According to a Centers for Disease
Control and Prevention (CDC) report released this week, HIV diagnoses
in the United States fell by 19 percent from 2005 to 2014.
Dramatic declines were seen among
heterosexuals (down 35%), people who inject drugs (63%) and African
Americans, driven by a steep decline (42%) among black women.
However, annual HIV diagnoses for gay
and bisexual men increased six percent.
For gay and bisexual men, diagnoses
varied by race and ethnicity.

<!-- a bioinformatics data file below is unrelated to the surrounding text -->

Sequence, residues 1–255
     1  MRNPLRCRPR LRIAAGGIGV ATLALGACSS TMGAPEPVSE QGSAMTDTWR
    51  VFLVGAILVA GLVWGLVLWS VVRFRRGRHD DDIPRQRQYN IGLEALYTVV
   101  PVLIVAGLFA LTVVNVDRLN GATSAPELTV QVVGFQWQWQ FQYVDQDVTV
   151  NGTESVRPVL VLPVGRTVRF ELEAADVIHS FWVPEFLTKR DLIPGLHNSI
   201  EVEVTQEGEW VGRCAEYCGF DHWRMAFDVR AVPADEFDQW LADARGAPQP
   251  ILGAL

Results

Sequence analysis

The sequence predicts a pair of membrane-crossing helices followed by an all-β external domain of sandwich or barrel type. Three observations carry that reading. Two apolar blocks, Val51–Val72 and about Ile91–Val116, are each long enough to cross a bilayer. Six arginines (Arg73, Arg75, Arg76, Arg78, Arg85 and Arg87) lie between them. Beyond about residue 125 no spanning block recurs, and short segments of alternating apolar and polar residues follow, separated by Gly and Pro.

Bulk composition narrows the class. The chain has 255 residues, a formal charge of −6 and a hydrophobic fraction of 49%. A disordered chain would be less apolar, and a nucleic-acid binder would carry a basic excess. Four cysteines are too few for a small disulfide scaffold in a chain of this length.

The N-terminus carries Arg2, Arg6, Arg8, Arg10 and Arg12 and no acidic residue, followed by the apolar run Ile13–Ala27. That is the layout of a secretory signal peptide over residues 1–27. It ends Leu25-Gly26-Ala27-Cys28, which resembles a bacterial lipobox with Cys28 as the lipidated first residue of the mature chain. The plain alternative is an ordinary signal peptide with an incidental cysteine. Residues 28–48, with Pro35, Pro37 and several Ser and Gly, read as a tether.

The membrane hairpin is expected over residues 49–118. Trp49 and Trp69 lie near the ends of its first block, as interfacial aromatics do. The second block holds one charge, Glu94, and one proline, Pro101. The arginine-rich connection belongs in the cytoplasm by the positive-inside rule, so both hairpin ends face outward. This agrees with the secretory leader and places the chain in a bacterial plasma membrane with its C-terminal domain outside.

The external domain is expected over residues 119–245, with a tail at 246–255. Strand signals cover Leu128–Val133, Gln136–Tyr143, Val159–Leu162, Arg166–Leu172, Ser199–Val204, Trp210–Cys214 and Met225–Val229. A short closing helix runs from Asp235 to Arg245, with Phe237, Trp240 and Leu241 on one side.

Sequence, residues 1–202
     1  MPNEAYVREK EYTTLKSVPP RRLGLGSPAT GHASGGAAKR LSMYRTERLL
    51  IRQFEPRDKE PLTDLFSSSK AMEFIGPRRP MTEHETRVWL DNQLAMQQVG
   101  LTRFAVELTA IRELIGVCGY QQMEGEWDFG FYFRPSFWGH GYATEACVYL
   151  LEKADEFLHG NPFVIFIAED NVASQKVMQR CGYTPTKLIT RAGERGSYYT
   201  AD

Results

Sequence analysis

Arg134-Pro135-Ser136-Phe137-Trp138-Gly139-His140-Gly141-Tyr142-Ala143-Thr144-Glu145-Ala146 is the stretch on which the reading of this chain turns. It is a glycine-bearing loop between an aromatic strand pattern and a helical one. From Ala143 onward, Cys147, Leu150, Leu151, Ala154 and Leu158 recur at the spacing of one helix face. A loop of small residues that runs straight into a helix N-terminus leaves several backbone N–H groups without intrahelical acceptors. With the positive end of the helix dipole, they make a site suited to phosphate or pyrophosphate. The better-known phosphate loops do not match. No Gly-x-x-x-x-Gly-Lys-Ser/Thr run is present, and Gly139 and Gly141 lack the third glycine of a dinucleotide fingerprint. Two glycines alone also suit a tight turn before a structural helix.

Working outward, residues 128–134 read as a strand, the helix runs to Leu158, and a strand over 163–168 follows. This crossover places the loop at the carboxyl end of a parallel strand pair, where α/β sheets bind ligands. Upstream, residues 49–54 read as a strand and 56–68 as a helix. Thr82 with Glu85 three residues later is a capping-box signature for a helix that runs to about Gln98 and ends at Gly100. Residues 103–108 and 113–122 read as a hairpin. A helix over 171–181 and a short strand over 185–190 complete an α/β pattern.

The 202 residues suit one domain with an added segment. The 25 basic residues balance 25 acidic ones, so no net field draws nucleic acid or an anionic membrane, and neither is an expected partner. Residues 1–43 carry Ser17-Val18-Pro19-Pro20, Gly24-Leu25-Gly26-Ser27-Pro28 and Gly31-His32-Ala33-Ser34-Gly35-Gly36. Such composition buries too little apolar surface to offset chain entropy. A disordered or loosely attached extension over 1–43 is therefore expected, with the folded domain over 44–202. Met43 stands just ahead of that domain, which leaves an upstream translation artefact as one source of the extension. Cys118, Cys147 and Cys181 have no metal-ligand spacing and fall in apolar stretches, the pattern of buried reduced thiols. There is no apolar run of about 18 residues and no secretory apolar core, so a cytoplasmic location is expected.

“Among white gay and bisexual men,
diagnoses dropped steadily, decreasing 18 percent,” the
CDC reported. “Diagnoses among Latino gay and bisexual men
continued to rise and were up 25 percent. Diagnoses among black gay
and bisexual men also increased (22 percent) between 2005 and 2014,
but that increase has leveled off since 2010.”
Young black gay and bisexual men (ages
13-24) experienced a steep 87 percent increase in diagnoses, though
the trend has leveled off.